Date of Award


Document Type

Thesis - Pacific Access Restricted

Degree Name

Master of Science (M.S.)



First Advisor

James W. Blanker[unintelligible]


The naturally occuring polyamines play an essential role in cell growth and proliferation.

N8-Acetylspermidine is excreted in rat urine in significant levels (75 nmole/24 hours) but tissue levels of this compound are very low (1.0 nmole/gram), close to the limits of detection. This may be due to rapid degradation of N8-acetylspermidine by an enzyme in the cytoplasm of virtually all rat tissues.

This enzyme N8-acetylspermidine deacetylase catalyzes the deacetylation of N8-acetylpermidine to spermidine and acetic acid.

In order to study the physiologicalf unction of N8-acetylspermidine, we need a means of altering tissue levels of this compound, and inhibition of this deacetylation reaction could produce such an alteration.

In our study, we have used an in vitro deacetylase assay to determine the types of compounds which can inhibit this reaction. The Km for this reaction was 10.5 microM.

Studies on the structural requirements for the inhibitory activity indicated that: (1) increasing the size of the acetamido group leads to a decrease in inhibitory activity, (2) separation of the two primary amine groups with (CH2)8 produces the best inhibitory activity, and (3) removal of the nitrogen in the 4-position decreases the inhibitory activity slightly but increases the stability with respect to a competing enzyme, polyamine oxidase.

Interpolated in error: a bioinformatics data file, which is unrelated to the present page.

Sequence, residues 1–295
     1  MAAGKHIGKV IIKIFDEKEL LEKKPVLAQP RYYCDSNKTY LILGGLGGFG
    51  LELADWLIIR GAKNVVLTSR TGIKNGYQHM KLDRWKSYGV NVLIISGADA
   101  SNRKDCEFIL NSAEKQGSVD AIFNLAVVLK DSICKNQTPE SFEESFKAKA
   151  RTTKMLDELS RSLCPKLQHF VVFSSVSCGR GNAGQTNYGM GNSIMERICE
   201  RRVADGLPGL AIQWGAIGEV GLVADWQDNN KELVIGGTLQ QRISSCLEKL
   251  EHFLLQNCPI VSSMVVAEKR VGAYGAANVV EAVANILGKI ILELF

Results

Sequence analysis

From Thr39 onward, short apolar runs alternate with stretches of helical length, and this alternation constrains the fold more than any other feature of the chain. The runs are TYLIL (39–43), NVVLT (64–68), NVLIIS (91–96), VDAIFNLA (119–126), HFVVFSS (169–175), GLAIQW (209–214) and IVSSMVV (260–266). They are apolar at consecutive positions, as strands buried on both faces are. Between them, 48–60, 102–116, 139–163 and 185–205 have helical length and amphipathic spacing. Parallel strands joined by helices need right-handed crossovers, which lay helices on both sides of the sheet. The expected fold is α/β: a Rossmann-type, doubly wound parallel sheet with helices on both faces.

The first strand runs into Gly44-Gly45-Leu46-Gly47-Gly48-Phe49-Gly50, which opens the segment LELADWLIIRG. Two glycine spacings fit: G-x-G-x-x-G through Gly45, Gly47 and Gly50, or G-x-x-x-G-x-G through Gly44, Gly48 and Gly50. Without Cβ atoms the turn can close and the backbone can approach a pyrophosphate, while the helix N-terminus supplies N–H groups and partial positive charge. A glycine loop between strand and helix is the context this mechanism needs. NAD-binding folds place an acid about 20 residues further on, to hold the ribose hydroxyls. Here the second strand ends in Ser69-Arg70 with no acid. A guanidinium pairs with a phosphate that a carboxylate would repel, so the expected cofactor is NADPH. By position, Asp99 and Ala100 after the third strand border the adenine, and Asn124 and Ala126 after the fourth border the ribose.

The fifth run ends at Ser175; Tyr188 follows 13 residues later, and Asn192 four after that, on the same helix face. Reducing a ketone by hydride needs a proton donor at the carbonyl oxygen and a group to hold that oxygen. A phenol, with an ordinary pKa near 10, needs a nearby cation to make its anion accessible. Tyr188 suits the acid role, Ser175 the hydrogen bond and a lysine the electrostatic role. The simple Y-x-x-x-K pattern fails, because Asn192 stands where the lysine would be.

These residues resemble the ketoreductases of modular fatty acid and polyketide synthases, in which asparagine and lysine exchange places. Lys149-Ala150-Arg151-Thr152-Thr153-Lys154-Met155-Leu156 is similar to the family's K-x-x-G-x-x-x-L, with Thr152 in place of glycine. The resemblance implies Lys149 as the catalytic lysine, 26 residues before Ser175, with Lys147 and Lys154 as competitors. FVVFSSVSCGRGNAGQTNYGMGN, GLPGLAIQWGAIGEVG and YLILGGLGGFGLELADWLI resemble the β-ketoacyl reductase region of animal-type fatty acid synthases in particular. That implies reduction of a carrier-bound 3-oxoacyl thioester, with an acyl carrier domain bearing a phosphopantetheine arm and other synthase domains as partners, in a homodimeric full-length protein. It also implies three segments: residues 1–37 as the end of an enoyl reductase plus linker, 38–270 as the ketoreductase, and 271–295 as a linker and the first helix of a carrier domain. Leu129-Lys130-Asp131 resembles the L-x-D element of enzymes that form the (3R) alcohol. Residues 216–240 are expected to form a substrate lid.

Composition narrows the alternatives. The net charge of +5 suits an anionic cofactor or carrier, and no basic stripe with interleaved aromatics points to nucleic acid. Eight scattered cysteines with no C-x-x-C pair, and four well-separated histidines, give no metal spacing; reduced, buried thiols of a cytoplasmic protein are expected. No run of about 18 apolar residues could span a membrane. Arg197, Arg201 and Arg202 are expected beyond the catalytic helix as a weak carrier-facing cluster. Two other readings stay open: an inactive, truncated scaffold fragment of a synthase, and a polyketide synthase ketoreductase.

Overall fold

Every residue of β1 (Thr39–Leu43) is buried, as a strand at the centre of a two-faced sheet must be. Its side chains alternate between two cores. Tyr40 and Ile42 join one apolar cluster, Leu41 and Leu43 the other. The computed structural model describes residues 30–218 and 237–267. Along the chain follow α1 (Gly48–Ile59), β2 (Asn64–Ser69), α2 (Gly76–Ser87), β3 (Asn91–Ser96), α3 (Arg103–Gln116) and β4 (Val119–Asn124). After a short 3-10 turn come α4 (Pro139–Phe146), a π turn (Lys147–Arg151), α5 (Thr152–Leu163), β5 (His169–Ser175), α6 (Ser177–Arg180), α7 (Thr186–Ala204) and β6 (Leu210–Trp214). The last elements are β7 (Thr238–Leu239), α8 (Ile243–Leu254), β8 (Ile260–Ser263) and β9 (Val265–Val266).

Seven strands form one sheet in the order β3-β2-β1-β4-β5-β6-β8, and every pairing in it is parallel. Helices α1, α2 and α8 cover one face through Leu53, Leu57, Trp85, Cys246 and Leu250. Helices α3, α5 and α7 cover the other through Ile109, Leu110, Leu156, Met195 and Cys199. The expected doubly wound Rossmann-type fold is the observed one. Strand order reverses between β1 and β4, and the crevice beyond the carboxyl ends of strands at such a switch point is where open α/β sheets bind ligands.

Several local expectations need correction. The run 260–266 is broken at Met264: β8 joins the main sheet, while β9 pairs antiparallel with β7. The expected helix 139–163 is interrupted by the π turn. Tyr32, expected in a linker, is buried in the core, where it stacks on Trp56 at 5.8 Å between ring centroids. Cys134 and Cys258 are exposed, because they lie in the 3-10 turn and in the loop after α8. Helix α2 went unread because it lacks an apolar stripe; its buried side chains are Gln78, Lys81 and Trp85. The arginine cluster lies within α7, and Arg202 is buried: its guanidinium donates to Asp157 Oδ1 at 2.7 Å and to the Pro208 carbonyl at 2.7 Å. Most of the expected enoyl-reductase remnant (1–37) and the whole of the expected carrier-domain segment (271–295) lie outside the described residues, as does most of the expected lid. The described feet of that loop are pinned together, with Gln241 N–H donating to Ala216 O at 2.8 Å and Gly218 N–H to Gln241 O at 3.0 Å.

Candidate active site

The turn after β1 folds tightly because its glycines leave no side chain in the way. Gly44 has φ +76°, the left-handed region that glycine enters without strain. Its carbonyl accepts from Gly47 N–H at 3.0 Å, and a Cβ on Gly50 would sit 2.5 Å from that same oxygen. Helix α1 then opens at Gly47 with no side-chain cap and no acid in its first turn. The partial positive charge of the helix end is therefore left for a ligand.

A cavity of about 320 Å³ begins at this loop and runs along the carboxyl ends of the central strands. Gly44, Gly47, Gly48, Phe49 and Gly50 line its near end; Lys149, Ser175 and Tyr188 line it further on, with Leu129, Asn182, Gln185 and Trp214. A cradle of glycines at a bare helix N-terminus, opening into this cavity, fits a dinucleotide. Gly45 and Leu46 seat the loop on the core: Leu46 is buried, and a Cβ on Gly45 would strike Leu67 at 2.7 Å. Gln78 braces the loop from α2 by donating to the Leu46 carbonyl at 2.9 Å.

Studies on the nature of the active site indicated that: (1) a sulfhydryl group is apparently essential for optimal activity as shown by inhibition with N-ethylmaleimide and also by dithiothreitol and 5,5'-dithio-bis-(nitro-benzoic acid), (2) a seryl hydroxyl group does not appear to be an essential part of the active site since diisopropyl-fluorophosphate has a relatively high Ki. (However, the organophosphate echothiophate is a very effective inhibitor. It has a quartarnary nitrogen which may orient this molecule to its site of action.), and (3) a divalent metal ion may be involved in the enzyme activity as is shown by inhibition with the chelating agents, EDTA and diethylmalonate.



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